10 Ways to Win a Scholarship (Without Even Trying)
If you’re reading this, then you’re probably one of the thousands of college students who are seeking scholarships to help offset your high tuition costs. The average U.S. student graduates with $28,400 in student loan debt – and the average undergrad accrues about $4,000 per year! Yikes! So naturally, you want to do whatever you can to avoid taking out that much money in loans – especially if that debt will follow you well into your adult life and even longer into retirement. But where do you start? Below are ten tips on how to win a scholarship without even trying.
1) Set a Goal
To win a scholarship, set a goal and then figure out how you’re going to meet it. What are your skills and talents? How can you apply them to winning scholarships? Whether it’s academic, athletic or artistic talent, what do you have that will help you stand out from other students? Perhaps it’s an impressive work history or experiences volunteering in your community. But no matter what your skill is, for any scholarship application ask yourself these three questions: Who am I? Why do I deserve it? How will I use it if I win it? And make sure they’re addressed in some way on your application.
2) Join in National Activities
Participating in well-known national activities, like spelling bees or math competitions, can earn you scholarship money. Even if you’re not interested in participating, your high school guidance counselor will almost certainly encourage you to join for fundraising purposes. In order to participate, however, some of these contests require you to pay an entry fee. As with college applications and other types of fees, be sure that it’s within your budget. You could try looking into scholarships offered by spell-bee sponsors; these are specifically designed for students who want to participate in their local event but can’t afford it.
3) Get Involved in High School
It’s true—part of getting ahead in life starts in high school. While many scholarships are only open to students attending college, there are many that are also offered at both high school and college levels. For example, it’s easier for high school students to win scholarships for leadership and community service. Check with your guidance counselor for local and state scholarship opportunities as well as any awards being offered by specific organizations you may be interested in joining. The more involved you get in your school community, the better chance you have of winning a scholarship!
4) Start an After-School Activity
One of the best ways to gain exposure is by joining an after-school activity. For example, if you’re interested in business and want a scholarship, start or lead an entrepreneurship club at your school. In addition to showing off your leadership skills, you’ll get valuable experience managing projects and other people’s time. If being on stage is more your thing, join drama club or audition for plays—all activities that can help build confidence and make you seem like a candidate who isn’t afraid of speaking in front of others. Also consider joining or starting an organization that advocates for causes you care about; not only will it look good on your application, but it could also lead to scholarships from organizations dedicated to social justice and change.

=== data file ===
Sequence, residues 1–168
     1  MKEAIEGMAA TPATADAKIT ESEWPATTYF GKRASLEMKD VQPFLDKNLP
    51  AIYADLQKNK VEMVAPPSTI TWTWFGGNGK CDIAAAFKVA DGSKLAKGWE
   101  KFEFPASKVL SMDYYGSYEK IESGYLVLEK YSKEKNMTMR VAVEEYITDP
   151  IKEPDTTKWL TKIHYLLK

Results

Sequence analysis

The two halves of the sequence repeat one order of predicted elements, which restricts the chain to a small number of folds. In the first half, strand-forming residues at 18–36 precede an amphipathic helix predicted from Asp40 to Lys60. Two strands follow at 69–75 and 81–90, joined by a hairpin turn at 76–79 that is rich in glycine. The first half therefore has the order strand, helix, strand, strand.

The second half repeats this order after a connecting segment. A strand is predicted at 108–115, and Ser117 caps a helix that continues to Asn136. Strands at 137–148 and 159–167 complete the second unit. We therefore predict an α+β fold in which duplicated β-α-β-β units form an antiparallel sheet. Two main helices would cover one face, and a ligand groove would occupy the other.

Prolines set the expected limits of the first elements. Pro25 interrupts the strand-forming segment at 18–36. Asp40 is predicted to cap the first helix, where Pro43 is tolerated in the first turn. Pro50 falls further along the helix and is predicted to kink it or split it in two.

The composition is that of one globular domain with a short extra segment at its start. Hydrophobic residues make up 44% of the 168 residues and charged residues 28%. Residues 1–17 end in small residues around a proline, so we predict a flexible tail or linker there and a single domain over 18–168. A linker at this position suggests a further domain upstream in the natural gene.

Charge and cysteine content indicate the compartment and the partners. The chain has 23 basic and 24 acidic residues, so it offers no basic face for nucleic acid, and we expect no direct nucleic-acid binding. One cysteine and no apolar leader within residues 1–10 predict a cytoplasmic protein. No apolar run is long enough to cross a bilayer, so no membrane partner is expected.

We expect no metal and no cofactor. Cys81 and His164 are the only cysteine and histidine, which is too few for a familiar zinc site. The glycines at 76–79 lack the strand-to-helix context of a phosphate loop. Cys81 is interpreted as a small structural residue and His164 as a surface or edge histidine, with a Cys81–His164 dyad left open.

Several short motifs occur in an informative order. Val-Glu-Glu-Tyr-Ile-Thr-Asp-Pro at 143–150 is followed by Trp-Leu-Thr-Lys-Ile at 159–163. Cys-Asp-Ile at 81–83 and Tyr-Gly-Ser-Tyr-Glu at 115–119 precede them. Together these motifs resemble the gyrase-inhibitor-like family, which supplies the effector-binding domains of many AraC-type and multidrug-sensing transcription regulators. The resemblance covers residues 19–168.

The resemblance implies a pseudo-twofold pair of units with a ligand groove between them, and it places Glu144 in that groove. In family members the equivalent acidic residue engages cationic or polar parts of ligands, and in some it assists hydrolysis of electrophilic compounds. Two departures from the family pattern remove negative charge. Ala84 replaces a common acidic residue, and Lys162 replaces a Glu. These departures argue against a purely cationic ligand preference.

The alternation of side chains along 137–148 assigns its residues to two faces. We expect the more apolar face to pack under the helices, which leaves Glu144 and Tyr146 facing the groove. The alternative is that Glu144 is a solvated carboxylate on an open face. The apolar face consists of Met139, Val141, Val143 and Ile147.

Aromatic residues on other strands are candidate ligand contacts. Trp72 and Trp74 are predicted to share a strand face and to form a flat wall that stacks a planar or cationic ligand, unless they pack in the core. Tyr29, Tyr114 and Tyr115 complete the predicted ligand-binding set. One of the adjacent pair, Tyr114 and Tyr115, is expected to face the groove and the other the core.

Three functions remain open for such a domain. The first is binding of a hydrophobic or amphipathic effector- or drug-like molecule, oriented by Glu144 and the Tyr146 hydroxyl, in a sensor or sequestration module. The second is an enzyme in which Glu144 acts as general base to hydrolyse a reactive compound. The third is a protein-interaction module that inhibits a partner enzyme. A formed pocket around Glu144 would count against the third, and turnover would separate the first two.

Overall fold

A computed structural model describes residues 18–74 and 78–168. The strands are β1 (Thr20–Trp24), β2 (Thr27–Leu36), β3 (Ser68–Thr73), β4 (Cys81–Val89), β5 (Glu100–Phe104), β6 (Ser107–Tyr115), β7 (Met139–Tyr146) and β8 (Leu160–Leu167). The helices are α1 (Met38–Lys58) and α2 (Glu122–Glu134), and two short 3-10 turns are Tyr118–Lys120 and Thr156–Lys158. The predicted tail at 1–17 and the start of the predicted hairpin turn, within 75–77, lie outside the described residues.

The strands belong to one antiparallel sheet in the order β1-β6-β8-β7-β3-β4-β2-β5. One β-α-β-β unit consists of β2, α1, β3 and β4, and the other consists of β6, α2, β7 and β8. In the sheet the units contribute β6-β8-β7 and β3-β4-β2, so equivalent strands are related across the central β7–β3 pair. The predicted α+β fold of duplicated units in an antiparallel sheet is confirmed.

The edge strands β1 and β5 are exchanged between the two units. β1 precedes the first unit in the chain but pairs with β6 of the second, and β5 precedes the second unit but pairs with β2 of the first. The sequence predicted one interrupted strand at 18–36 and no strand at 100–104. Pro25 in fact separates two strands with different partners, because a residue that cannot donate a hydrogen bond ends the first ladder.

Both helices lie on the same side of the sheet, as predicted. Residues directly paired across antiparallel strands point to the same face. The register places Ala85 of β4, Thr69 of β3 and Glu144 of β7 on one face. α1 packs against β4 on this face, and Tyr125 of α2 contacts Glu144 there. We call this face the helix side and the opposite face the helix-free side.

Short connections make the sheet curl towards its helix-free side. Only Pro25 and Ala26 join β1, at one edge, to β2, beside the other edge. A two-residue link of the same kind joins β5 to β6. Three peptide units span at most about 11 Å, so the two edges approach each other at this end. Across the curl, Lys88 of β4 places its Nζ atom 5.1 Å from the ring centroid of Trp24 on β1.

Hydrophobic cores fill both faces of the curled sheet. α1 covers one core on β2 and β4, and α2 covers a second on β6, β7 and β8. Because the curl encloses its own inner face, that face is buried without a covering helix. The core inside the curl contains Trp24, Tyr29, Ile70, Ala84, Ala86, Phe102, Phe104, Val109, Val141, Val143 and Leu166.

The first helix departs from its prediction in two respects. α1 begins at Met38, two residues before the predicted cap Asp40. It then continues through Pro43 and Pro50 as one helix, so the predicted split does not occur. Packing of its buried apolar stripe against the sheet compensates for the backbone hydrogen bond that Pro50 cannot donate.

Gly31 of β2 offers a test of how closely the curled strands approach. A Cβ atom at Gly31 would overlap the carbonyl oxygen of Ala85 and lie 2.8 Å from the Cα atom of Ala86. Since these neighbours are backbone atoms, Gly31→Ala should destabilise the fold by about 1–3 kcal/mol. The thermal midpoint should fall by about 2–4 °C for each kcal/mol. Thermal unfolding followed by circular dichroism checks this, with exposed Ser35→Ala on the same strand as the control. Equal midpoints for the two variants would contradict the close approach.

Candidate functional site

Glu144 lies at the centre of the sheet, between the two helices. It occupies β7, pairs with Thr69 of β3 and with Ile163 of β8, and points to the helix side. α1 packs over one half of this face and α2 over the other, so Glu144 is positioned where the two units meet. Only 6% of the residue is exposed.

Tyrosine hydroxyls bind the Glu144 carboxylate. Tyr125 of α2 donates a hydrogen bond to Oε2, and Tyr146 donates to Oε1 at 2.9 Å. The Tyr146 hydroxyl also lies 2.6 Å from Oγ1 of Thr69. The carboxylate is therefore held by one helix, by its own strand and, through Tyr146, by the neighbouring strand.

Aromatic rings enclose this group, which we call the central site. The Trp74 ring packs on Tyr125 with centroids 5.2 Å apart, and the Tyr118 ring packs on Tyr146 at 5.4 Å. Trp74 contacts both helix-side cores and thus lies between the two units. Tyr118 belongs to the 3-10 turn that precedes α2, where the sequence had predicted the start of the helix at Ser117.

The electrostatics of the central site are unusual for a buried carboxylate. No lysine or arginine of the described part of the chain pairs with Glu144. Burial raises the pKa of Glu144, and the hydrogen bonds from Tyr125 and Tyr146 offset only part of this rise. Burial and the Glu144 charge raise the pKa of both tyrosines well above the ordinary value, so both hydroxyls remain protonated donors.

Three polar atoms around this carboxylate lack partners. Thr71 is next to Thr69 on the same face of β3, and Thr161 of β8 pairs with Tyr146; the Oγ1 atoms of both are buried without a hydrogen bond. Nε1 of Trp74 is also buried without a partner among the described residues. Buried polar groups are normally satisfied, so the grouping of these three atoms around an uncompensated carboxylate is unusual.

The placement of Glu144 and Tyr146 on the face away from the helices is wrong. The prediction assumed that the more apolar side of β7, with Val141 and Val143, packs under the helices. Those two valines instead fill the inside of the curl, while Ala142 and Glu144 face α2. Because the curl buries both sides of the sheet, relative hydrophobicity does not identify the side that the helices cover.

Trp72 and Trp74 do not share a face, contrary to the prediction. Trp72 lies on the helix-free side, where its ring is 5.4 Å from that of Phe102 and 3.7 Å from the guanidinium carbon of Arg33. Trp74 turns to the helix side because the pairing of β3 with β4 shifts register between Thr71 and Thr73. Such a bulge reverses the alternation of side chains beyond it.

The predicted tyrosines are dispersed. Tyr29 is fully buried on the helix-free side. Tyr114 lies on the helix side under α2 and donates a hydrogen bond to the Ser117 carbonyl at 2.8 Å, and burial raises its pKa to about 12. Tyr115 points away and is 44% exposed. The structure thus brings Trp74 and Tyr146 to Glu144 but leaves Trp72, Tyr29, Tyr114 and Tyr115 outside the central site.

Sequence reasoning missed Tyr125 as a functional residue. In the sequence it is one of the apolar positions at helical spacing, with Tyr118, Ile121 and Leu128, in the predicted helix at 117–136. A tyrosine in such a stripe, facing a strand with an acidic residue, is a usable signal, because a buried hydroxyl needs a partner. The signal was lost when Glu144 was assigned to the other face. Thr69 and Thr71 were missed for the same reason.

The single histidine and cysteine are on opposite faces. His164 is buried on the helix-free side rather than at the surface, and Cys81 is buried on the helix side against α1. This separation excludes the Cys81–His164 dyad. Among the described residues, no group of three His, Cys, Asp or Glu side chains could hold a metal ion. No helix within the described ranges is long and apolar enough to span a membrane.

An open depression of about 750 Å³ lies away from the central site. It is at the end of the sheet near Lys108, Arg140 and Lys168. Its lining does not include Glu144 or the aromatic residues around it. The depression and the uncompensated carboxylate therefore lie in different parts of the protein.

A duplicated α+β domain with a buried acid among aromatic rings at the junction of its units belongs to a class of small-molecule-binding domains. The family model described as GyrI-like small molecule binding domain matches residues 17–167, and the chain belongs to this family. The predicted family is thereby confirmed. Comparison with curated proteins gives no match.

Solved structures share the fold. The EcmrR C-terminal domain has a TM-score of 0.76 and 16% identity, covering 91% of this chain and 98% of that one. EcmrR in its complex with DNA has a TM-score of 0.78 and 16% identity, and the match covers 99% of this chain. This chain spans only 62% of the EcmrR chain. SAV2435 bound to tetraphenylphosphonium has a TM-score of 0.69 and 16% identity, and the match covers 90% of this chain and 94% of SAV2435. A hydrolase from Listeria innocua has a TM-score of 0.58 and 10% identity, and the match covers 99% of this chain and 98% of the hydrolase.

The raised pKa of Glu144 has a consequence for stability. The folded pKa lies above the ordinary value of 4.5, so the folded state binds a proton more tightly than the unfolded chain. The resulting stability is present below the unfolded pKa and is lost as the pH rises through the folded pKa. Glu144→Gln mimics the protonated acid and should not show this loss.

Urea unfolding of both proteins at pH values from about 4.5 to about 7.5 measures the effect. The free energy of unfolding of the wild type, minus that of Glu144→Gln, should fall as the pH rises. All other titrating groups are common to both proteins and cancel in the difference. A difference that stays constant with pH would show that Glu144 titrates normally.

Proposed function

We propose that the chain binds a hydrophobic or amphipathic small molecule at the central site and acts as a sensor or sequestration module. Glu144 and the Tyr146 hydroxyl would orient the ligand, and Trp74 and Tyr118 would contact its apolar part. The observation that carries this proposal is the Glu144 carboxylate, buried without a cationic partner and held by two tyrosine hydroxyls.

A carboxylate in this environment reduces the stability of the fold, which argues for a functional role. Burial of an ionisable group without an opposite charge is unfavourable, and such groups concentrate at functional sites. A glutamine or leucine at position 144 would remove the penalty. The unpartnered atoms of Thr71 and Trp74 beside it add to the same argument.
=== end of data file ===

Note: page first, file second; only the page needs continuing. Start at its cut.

5) Let Everyone Know
There are plenty of scholarships out there that don’t require an essay, so tell your family and friends, who might be able to nominate you. If your school participates in a national scholarship organization like The National Merit Scholarship Corporation or The Hispanic Association of Colleges and Universities, apply for their scholarships without even filling out an application. The search is completely online. Last year, I won two different scholarships from NMSC that totaled $3,500 without any effort on my part.
6) Keep up Good Grades
Failing to maintain good grades doesn’t just mean your GPA might suffer; it also means that you may lose funding for scholarships, grants, and other awards. While you don’t have to ace every class or be on top of your game all year long, make sure you can at least hold an A-average through high school.
7) Pick the Right College
You don’t have to win a scholarship from your school to get free money for college. You can also apply for national scholarships, like the National Merit Scholarship, and some states and cities offer their own versions. And remember that you aren’t limited by how many students apply or how many awards are available—the only limitation is your own skills in winning.
8) Take Advantage of Extracurriculars
Taking part in extracurricular activities is a great way to win scholarships. Whether you’re an athlete, performing artist, or student council member, colleges want to see that you’re involved and passionate about something outside of your academic life. Getting involved in various school groups not only looks good on your college application, but it’s also a great way to network with professionals in your field of interest.
9) Create Your Own Opportunities
You don’t have to be listed as a finalist or semifinalist to earn scholarship money. In fact, it’s often easier than that. Create your own opportunities by getting involved in your school and community, because scholarships can be based on merit, need or involvement. There are more than 3,000 scholarships that don’t require an application for students who meet certain criteria, so let us help you find them!
10) Don’t Give Up!
School is hard, but there’s more at stake than just your GPA. Scholarships are one of the best ways to pay for college, and they don’t require you to get good grades. If you’re looking for some more scholarship money—or if you want to feel less stressed about paying off your loans when you graduate—check out these 10 tips for winning scholarships without even trying. These can help bolster your income while in school and reduce debt upon graduation.